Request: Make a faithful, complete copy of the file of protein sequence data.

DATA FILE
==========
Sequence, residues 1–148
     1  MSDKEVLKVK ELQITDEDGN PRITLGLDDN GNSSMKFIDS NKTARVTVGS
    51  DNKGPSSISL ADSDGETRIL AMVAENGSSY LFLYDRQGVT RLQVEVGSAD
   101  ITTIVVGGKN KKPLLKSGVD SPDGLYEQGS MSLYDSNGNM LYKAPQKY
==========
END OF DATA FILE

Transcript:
Sequence, residues 1–148
     1  MSDKEVLKVK ELQITDEDGN PRITLGLDDN GNSSMKFIDS NKTARVTVGS
    51  DNKGPSSISL ADSDGETRIL AMVAENGSSY LFLYDRQGVT RLQVEVGSAD
   101  ITTIVVGGKN KKPLLKSGVD SPDGLYEQGS MSLYDSNGNM LYKAPQKY